Home > Bayou Moon (The Edge #2)

Bayou Moon (The Edge #2)
Author: Ilona Andrews

Acknowledgments


A book is always a team effort. This one was no exception. We’re deeply grateful to Nancy Yost, our agent, for putting up with numerous e-mails and phone calls, and being the lone voice of sanity in our big, fiery sea of crazy. We’re also grateful to Anne Sowards for her constant support and encouragement. Without the two of you, our books would never see the light of day.

We would like to thank the following people: Michelle Kasper, production editor, and Andromeda Macri, assistant production editor, for taking the manuscript and turning it into a book, and for always finding an extra day or two to give us a little bit more time; Joan Matthews, copy editor—we’re sorry about the confusion with the names and the general state of the manuscript, and we sincerely hope we didn’t give you an aneurysm; Victoria Vebell, artist, for the stunning cover art—we wish we had a print of it to hang on the wall; Annette Fiore DeFex, cover designer, for taking a beautiful piece of art and turning it into an equally beautiful cover; Kristin del Rosario, interior designer, for creating a beautiful layout and making the book truly a pleasure to read; Kat Sherbo, editorial assistant—thank you for dealing with us, next time we’ll send liquor along with chocolate just to dull the pain; and Rosanne Romanello, publicist, who tirelessly works to promote all of our books. We’re very fortunate to work with all of you.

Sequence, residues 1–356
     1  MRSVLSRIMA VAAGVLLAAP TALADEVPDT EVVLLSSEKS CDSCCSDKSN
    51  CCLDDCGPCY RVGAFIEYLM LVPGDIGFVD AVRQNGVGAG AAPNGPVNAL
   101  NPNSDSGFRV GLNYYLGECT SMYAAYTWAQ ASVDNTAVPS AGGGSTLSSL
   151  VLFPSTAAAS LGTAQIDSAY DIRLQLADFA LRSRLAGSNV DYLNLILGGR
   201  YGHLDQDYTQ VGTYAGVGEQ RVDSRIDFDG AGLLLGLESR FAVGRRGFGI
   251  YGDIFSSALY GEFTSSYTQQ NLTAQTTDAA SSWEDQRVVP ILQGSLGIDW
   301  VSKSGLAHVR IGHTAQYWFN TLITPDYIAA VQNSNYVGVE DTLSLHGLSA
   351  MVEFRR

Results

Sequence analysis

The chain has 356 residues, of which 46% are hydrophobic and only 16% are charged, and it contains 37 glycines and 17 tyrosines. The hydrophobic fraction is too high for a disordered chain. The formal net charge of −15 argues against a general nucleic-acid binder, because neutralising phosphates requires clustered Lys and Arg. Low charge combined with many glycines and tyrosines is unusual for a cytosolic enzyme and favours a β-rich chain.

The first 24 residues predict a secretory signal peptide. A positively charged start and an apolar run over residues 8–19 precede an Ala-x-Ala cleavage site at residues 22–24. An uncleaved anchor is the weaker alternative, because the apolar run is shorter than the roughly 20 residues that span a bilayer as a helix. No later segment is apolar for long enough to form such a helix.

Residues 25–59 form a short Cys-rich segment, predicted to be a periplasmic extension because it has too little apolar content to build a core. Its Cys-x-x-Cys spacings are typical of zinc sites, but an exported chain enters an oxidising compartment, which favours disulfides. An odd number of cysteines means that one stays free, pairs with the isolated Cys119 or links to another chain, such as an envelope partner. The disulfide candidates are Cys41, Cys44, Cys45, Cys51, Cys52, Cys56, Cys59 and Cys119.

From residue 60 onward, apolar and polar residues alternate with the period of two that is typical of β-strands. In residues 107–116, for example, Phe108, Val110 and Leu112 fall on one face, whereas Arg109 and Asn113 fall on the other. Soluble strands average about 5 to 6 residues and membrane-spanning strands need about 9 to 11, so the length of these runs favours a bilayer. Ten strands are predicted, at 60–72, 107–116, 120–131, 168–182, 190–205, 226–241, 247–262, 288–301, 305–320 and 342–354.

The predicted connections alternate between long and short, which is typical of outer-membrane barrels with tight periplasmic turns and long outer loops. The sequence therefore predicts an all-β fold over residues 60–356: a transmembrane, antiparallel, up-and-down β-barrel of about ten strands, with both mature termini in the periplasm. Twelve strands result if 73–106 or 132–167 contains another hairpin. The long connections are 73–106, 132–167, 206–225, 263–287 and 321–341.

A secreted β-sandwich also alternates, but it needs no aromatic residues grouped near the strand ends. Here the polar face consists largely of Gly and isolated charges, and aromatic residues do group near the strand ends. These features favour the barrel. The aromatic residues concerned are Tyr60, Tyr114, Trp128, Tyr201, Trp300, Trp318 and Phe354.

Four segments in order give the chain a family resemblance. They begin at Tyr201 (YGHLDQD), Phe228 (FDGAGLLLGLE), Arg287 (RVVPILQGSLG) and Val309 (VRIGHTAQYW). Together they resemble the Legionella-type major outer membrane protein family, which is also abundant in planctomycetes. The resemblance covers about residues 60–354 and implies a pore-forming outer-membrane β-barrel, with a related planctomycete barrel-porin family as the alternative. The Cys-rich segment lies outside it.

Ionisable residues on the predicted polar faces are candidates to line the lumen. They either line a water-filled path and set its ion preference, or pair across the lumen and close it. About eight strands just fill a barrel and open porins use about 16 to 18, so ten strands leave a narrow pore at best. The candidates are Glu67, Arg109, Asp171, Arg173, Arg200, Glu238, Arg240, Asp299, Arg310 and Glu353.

Many readers and friends helped us along the way. Here they are in no particular order: Reece Notley, Chrissy Peter-son, Hasna Saadani, Ericka Brooks, Beatrix Kaser, and Ying Chumnongsaksarp. We also would like to extend our deepest gratitude to Jeaniene Frost, Meljean Brook, Shiloh Walker, and Jill Myles. We’re eagerly awaiting bills for all of the over-the-phone therapy you have provided.

 

 

ONE


WILLIAM sipped some beer from the bottle of Modelo Especial and gave the Green Arrow his hard stare. The Green Arrow, being a chunk of painted plastic, didn’t rise to the challenge. The action figure remained impassive, exactly where he’d put it, leaning against the porch post of William’s house. Technically it was a trailer rather than a house, William reflected, but it was a roof over his head and he wasn’t one to complain.

From that vantage point, the Green Arrow had an excellent view of William’s action figure army laid out on the porch, and if the superhero were inclined to offer any opinions, he would’ve been in a great position to do so. William shrugged. Part of him realized that talking to an action figure was bordering on insane, but he had nobody else to converse with at the moment and he needed to talk this out. The whole situation was crazy.